November 6, 2006

Suspension of Model Train Disbelief

The inimitable Jacob Berkman has a link on his blog to a video which did two things for me. One, it made me instantly and burningly nostalgic for the Lionel Train sets my father gave my brother and I, which there's no way I could afford to buy now what with Lionel being worth more than gold these days or some such crap. Two, it made me realize what it was about model trains that always broke the illusion for me, no matter how much backdrop, scenery, squinting and low-light I applied. Yes, I realize that every model railroader (of which I am not) probably knows this, but I hadn't. See, even when you get the scale speed correct (which isn't hard) the problem is always the turns. While real trains can go around turns as sharp as you find in a model train set, they never, ever do so at any speed higher than a crawl. Hence, seeing the model stock zipping around the corners is what breaks the illusion for me.

Update: My pedantic-because-he's-correct brother informs me that one reason for the 'strangeness' is the ratio of gauge to car length, reflected in Lionel trains by the 'O' rating. The O rating determines the minimum radius of a full turn of track in inches; most Lionel O gauge stock is O27, which (as my bro points out) is waaaay shorter w.r.t gauge than reality. This is true. Lionel makes other engines, though, some of which go all the way up to O72 (mostly the more insanely detailed and hence expensive steam replicas) - these, by nature, would be unable to make those sharp turns I described above and hence would be restricted to curves that would ameliorate that sense of wrongness.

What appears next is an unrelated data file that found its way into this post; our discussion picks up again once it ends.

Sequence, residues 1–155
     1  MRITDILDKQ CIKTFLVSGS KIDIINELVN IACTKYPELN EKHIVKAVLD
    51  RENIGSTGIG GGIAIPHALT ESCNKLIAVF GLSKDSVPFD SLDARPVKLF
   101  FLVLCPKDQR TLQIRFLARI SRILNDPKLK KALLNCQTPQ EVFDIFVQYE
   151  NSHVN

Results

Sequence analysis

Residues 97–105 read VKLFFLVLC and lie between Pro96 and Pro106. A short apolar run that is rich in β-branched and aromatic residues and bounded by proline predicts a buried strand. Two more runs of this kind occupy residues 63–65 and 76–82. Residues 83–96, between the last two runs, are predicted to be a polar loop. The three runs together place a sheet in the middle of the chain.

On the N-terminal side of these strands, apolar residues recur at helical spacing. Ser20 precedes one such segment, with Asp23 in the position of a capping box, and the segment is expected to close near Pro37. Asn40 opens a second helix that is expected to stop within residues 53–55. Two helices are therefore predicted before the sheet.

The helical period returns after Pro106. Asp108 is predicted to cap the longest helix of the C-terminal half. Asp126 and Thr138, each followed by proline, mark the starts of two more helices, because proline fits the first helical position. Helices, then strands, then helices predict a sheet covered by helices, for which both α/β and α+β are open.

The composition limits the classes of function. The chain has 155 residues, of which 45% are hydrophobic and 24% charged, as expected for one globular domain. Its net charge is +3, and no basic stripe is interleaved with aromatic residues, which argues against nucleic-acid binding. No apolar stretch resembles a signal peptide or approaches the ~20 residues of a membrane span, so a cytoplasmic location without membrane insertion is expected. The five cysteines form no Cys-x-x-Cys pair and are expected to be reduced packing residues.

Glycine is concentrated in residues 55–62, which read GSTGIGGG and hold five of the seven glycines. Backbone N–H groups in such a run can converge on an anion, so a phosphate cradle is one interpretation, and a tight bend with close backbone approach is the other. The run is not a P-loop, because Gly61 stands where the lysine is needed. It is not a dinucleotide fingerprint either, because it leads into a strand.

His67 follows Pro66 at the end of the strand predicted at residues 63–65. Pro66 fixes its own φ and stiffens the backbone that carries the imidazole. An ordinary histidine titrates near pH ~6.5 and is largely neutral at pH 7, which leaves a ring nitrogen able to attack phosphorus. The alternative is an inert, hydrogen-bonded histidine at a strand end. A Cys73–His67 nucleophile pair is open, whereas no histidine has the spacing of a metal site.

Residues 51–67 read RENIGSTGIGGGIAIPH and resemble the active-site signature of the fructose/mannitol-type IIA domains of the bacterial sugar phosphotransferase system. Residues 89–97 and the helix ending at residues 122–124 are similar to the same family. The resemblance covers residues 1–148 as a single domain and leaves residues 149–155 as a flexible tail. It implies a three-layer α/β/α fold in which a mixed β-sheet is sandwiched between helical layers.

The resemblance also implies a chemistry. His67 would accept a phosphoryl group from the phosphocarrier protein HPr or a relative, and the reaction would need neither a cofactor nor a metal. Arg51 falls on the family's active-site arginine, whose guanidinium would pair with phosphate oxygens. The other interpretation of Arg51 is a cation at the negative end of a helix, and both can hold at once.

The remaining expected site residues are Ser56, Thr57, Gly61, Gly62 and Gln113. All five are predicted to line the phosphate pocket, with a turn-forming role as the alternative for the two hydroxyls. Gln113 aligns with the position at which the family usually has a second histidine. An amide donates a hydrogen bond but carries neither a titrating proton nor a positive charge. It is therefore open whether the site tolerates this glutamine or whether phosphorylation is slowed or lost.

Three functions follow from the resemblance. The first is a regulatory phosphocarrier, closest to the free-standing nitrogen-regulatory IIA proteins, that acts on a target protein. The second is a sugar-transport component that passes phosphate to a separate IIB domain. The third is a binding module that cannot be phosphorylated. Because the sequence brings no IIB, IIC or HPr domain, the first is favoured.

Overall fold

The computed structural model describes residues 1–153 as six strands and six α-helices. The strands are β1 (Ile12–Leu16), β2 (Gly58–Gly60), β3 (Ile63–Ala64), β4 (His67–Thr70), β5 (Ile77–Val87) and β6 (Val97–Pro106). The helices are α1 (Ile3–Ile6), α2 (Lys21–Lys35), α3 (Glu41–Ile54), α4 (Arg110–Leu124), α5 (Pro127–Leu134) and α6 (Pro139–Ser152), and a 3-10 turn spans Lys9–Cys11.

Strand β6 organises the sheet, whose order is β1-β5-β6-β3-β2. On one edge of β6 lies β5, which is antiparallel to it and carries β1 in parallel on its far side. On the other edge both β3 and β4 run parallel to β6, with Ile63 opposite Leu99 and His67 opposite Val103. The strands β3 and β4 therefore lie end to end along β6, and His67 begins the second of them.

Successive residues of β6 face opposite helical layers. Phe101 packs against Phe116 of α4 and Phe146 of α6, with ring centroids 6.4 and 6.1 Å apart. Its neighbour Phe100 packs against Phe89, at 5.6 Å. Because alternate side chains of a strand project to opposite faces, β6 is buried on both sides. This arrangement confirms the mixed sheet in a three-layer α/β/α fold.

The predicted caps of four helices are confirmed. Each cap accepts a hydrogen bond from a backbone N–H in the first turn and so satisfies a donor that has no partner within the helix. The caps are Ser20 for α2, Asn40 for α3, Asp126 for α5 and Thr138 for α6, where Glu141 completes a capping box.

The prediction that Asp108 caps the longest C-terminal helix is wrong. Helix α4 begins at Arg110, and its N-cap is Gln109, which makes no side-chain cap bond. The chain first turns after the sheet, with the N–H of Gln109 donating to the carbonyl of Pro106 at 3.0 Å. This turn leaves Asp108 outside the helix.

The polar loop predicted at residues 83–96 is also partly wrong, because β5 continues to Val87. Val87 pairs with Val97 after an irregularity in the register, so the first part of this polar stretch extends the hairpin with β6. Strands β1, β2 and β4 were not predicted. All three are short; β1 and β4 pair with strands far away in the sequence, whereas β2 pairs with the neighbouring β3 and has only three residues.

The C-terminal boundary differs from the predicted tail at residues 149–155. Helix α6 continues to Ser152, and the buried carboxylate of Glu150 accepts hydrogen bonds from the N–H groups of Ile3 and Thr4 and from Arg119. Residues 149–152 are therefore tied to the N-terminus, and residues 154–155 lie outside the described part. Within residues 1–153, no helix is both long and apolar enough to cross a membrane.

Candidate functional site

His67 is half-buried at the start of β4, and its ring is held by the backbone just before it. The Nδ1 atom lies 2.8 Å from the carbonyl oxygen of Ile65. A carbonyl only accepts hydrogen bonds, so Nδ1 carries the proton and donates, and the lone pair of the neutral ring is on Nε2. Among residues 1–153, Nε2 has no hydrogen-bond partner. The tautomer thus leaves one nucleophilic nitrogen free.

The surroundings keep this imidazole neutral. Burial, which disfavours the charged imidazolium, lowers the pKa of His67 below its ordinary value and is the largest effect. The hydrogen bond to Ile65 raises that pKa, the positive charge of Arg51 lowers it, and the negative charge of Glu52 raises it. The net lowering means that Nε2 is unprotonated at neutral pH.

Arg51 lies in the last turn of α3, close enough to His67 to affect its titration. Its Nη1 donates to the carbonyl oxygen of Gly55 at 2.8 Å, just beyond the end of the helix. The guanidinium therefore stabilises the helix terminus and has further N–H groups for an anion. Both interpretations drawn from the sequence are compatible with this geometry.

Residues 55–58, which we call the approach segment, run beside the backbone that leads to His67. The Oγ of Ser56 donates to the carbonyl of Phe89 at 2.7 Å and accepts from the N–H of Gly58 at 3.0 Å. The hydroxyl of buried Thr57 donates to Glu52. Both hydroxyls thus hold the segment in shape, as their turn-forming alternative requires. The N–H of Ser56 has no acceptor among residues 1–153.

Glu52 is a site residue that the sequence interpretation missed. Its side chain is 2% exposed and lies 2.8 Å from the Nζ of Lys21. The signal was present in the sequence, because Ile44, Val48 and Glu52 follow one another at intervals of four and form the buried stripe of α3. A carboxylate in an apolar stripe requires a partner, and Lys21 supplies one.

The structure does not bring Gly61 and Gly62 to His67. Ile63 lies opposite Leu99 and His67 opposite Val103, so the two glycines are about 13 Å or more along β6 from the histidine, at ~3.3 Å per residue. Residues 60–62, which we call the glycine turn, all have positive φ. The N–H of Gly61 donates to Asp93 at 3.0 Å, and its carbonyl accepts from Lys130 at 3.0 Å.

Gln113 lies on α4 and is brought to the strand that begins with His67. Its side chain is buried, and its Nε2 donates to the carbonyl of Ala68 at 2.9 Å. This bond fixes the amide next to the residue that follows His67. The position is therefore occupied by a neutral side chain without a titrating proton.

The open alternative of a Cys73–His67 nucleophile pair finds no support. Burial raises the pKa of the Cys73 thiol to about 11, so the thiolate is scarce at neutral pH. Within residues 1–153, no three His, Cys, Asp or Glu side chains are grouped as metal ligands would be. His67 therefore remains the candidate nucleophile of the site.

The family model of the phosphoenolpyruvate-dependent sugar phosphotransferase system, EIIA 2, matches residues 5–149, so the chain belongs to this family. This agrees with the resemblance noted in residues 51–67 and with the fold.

Also, Jacob tells me that of course one can set up a train set to slow down in the curves. He said it with a great deal more disdain for my ignorance than I can convey here, all of which, I'm sad to say, was warranted.

Posted by jbz at November 6, 2006 8:41 PM | TrackBack

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